The First Thing I’ll Eat When Italy’s Restaurants Reopen Is a Cow-Stomach Sandwich
It’s not the most delicious thing I’ve eaten, but it is the most rewarding
I will never forget my first panino al lampredotto.
It was a hot Saturday morning in July at Da Nerbone, a famous stall in Florence’s Mercato Centrale that has specialized in simple primi piatti, herby porchetta, and panini al lampredotto, the city’s famous sandwiches of boiled cow stomach, since 1872.
I ordered my panino piccante and received a hot plastic sack of meat with that particular offal smell and bread soaked in its juices. I ate with my elbows on the counter, sweating from the spiciness of the chile sauce and the searing summer heat. Cooking broth dripped down my chin as big chewy bits of meat that I couldn’t sever with my teeth escaped from the bun — with nowhere to go but inside my mouth. I chewed with fortitude until nothing was left.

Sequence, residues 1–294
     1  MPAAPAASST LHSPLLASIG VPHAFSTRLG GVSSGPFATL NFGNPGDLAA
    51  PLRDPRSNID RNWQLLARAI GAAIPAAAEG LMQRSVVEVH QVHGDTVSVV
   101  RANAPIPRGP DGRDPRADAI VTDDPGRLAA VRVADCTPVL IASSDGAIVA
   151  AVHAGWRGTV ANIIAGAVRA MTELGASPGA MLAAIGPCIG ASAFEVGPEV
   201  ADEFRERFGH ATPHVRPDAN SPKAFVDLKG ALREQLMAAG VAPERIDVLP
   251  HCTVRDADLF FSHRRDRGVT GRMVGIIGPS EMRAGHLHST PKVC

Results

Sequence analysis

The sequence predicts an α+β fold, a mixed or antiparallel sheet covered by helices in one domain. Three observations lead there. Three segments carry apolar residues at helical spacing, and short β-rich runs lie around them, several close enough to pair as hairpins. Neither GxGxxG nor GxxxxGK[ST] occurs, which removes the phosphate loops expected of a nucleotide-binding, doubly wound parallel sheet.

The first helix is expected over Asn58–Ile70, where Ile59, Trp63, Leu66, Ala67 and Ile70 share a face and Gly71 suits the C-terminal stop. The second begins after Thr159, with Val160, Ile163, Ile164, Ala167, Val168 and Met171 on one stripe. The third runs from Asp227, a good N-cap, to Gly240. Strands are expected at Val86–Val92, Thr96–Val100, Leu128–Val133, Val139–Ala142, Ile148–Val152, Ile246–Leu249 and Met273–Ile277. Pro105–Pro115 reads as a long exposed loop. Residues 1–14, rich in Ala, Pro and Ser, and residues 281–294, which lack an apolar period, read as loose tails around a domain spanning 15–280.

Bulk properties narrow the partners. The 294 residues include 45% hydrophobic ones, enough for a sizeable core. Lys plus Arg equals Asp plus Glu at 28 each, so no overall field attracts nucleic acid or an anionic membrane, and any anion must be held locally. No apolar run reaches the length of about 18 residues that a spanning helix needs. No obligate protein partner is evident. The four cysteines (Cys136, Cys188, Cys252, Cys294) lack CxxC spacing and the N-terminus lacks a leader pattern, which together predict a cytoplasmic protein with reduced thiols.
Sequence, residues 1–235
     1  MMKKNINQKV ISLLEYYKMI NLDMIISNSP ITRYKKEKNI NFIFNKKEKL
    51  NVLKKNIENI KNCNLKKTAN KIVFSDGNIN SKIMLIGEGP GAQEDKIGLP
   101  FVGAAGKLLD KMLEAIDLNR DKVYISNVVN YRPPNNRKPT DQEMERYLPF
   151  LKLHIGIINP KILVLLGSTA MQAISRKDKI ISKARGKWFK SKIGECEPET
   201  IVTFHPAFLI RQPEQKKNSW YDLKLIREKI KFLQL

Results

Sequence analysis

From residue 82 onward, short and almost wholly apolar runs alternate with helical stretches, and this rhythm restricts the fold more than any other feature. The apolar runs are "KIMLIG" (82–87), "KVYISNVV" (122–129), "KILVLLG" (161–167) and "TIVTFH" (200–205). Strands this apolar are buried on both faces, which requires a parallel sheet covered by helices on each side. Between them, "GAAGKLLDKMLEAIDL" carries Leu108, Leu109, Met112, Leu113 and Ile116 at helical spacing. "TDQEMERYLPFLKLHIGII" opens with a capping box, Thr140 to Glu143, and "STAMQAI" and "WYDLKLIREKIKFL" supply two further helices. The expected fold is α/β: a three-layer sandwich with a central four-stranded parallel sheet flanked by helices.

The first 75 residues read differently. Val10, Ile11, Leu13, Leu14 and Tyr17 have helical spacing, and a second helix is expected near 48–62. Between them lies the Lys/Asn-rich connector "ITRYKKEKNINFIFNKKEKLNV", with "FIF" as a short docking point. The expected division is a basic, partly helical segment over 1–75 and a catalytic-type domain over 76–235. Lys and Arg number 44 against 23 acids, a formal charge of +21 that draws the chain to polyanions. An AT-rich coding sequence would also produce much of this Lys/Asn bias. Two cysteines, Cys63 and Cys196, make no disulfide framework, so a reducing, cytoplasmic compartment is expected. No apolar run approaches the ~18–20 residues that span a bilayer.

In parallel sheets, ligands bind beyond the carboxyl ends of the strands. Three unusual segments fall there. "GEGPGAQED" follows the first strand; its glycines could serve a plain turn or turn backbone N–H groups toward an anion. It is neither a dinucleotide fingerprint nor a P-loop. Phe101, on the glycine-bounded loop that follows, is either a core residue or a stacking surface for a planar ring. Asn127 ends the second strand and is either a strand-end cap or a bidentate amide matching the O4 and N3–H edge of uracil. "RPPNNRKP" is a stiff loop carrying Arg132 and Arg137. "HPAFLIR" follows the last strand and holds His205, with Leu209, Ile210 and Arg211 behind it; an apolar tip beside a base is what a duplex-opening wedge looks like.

I had done it. I was part of the club. I liked lampredotto.
If only it were that easy.
Lampredotto, the name of the meat from the fourth part of the cow’s stomach (called the abomasum), is a local treasure in Florence and is most commonly eaten in sandwiches, plain or with salsa verde and chile sauce. Like most offal, lampredotto roots back to a time when the everyday Tuscan couldn’t afford prime cuts of meat and had to make do with the scrappier bits. Unlike tripe, which is prepared all over Italy and the rest of the world, lampredotto is really only found in Florence.
To this day, lampredotto is inextricably ingrained in Florentine life. You’ll find it on blog posts about Florence’s essential dishes, in upscale restaurants paying homage to Tuscan tradition, and, mostly, at food stalls around any given corner of the city. Based on the informal surveys I’ve taken around town, about half of Florentines love lampredotto, and half can’t stand it.
Based on the informal surveys I’ve taken around town, about half of Florentines love…